Western Montana has a new fish.
The cedar sculpin won’t be showing up in anglers’ creels any time soon, except perhaps in the form of some bigger trout’s lunch. But biologists at the U.S. Forest Service’s Rocky Mountain Research Station in Missoula consider it a significant step in understanding how our river systems work.
Fisheries biologist Michael Young said the cedar sculpin looks similar to the well-known shorthead sculpin, but has clear genetic differences. It lives in the Clark Fork River basin, as well as the drainages feeding the Coeur d’Alene and St. Joe rivers in Idaho. They are often the only fish to inhabit the upper headwater streams of those rivers and provide a food source for larger fish.
“Recognizing species of sculpins is a challenge because even distantly related species look very much alike,” Young said in an email. “So rather than taking a morphological approach to identification, we used genetic methods to delineate the species. It’s really exciting to find a new species of fish. It’s something you might expect in more remote parts of the world, but not in the U.S.”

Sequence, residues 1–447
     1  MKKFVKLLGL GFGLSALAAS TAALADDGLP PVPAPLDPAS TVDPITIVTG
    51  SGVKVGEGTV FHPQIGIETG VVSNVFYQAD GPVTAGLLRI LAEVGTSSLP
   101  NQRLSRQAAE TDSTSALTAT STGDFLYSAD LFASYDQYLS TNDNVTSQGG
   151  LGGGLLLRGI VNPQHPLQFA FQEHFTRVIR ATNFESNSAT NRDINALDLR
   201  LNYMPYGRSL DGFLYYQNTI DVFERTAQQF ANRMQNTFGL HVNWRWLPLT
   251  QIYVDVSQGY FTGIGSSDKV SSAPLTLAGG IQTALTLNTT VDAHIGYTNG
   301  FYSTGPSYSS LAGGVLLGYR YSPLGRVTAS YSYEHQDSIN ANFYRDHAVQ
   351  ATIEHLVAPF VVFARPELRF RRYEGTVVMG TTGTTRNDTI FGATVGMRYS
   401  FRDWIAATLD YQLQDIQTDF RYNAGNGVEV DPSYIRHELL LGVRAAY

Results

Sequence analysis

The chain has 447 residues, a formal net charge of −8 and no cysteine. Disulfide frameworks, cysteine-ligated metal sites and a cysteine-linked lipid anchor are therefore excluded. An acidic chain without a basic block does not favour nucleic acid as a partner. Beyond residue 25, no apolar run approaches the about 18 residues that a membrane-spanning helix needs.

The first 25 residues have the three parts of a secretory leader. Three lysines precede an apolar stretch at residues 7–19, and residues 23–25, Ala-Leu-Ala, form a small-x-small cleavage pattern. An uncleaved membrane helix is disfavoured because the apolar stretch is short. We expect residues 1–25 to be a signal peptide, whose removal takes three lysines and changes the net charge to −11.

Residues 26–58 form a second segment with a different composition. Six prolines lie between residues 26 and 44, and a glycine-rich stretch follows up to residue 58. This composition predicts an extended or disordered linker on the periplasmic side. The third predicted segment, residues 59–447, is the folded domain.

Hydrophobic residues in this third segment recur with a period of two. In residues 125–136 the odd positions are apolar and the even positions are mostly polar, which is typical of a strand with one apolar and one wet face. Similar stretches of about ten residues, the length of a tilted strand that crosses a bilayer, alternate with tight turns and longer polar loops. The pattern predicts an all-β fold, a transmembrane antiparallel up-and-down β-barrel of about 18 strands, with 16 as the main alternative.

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Young said because the cedar sculpin lives in the historical homeland of the Coeur d’Alene Indian Tribe, its tribal elders were asked to participate in determining its scientific name. The result is Cottus schitsuumsh (pronounced s-CHEET-sue-umsh), which means “those who were found here.” That’s also the Coeur d’Alene tribal name in their native language.
“We’re not sure how it fits differently into the ecosystem,” said Montana Fish, Wildlife and Parks fisheries manager Pat Saffel. “We have yet to learn what it does.”
Sculpins are small, big-headed fish with large fins that live on the bottom of streams and rivers. Saffel said because they don’t travel far, they often develop special traits unique to the drainage they live in. That can lead to genetic changes significant enough to justify a new species designation.